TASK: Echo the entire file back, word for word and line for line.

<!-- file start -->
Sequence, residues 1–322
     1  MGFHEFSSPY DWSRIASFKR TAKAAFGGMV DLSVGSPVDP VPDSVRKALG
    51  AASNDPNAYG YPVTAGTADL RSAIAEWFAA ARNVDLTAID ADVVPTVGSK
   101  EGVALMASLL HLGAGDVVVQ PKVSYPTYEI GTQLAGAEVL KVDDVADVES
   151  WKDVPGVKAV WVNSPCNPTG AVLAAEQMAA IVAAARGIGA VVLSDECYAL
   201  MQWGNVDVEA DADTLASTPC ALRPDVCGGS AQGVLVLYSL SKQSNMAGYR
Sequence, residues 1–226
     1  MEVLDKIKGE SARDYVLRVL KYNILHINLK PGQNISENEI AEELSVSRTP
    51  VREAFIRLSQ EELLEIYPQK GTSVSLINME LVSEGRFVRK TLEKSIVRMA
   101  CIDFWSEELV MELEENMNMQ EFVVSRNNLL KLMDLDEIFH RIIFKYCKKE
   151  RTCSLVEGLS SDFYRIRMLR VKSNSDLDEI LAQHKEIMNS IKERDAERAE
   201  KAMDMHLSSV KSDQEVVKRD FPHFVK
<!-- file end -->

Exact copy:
Sequence, residues 1–322
     1  MGFHEFSSPY DWSRIASFKR TAKAAFGGMV DLSVGSPVDP VPDSVRKALG
    51  AASNDPNAYG YPVTAGTADL RSAIAEWFAA ARNVDLTAID ADVVPTVGSK
   101  EGVALMASLL HLGAGDVVVQ PKVSYPTYEI GTQLAGAEVL KVDDVADVES
   151  WKDVPGVKAV WVNSPCNPTG AVLAAEQMAA IVAAARGIGA VVLSDECYAL
   201  MQWGNVDVEA DADTLASTPC ALRPDVCGGS AQGVLVLYSL SKQSNMAGYR
Sequence, residues 1–226
     1  MEVLDKIKGE SARDYVLRVL KYNILHINLK PGQNISENEI AEELSVSRTP
    51  VREAFIRLSQ EELLEIYPQK GTSVSLINME LVSEGRFVRK TLEKSIVRMA
   101  CIDFWSEELV MELEENMNMQ EFVVSRNNLL KLMDLDEIFH RIIFKYCKKE
   151  RTCSLVEGLS SDFYRIRMLR VKSNSDLDEI LAQHKEIMNS IKERDAERAE
   201  KAMDMHLSSV KSDQEVVKRD FPHFVK